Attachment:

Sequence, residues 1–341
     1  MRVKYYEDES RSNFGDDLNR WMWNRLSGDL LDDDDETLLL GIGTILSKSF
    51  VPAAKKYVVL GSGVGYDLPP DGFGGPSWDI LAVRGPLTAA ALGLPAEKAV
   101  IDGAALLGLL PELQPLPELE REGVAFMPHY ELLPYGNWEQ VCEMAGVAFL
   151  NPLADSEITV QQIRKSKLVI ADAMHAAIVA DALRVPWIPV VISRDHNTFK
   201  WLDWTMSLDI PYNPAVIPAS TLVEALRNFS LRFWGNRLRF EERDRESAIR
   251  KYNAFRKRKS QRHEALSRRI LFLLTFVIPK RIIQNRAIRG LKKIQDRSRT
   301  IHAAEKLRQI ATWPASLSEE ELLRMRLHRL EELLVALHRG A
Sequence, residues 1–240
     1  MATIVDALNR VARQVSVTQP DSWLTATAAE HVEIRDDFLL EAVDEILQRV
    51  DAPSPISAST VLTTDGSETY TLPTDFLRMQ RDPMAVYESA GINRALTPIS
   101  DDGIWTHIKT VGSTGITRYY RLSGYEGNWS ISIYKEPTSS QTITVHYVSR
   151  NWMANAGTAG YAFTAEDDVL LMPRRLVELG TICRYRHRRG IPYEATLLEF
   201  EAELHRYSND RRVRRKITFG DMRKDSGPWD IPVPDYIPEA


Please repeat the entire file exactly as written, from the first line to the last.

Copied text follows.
Sequence, residues 1–341
     1  MRVKYYEDES RSNFGDDLNR WMWNRLSGDL LDDDDETLLL GIGTILSKSF
    51  VPAAKKYVVL GSGVGYDLPP DGFGGPSWDI LAVRGPLTAA ALGLPAEKAV
   101  IDGAALLGLL PELQPLPELE REGVAFMPHY ELLPYGNWEQ VCEMAGVAFL
   151  NPLADSEITV QQIRKSKLVI ADAMHAAIVA DALRVPWIPV VISRDHNTFK
   201  WLDWTMSLDI PYNPAVIPAS TLVEALRNFS LRFWGNRLRF EERDRESAIR
   251  KYNAFRKRKS QRHEALSRRI LFLLTFVIPK RIIQNRAIRG LKKIQDRSRT
   301  IHAAEKLRQI ATWPASLSEE ELLRMRLHRL EELLVALHRG A
Sequence, residues 1–240
     1  MATIVDALNR VARQVSVTQP DSWLTATAAE HVEIRDDFLL EAVDEILQRV
    51  DAPSPISAST VLTTDGSETY TLPTDFLRMQ RDPMAVYESA GINRALTPIS
   101  DDGIWTHIKT VGSTGITRYY RLSGYEGNWS ISIYKEPTSS QTITVHYVSR
   151  NWMANAGTAG YAFTAEDDVL LMPRRLVELG TICRYRHRRG IPYEATLLEF
   201  EAELHRYSND RRVRRKITFG DMRKDSGPWD IPVPDYIPEA